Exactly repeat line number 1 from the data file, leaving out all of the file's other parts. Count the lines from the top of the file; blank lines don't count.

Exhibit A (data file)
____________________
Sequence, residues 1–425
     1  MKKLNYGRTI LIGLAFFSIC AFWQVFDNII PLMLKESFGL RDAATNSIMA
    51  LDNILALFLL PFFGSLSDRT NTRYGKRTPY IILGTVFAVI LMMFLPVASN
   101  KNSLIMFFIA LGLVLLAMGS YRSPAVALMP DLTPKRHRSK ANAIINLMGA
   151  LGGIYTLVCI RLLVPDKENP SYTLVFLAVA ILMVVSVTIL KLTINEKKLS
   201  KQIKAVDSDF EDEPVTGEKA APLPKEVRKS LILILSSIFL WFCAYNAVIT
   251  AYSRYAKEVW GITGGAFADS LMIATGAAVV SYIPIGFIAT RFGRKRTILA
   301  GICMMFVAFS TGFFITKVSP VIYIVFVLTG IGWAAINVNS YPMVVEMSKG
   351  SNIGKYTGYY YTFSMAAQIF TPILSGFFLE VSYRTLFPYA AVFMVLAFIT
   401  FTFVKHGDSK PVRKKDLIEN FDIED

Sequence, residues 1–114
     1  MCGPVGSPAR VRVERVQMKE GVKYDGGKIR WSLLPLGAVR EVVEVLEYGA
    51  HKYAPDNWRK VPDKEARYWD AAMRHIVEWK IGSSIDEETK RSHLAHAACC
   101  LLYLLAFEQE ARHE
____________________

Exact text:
Sequence, residues 1–425